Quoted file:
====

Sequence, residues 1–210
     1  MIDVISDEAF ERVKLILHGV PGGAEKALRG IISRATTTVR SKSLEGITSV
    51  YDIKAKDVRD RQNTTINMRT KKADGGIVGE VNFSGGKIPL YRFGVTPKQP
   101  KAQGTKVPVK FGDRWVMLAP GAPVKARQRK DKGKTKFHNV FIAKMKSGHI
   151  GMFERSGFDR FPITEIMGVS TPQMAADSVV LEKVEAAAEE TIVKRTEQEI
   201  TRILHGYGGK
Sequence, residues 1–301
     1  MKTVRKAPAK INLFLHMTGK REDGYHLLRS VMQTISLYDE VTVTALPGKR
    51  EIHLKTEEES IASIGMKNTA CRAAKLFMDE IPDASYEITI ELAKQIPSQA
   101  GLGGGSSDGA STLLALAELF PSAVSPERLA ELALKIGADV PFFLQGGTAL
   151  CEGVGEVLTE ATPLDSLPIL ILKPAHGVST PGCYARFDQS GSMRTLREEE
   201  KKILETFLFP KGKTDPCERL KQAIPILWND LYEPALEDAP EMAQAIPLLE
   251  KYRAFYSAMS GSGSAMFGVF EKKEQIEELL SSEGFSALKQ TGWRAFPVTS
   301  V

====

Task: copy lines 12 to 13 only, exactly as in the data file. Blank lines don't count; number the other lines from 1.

   201  KKILETFLFP KGKTDPCERL KQAIPILWND LYEPALEDAP EMAQAIPLLE
   251  KYRAFYSAMS GSGSAMFGVF EKKEQIEELL SSEGFSALKQ TGWRAFPVTS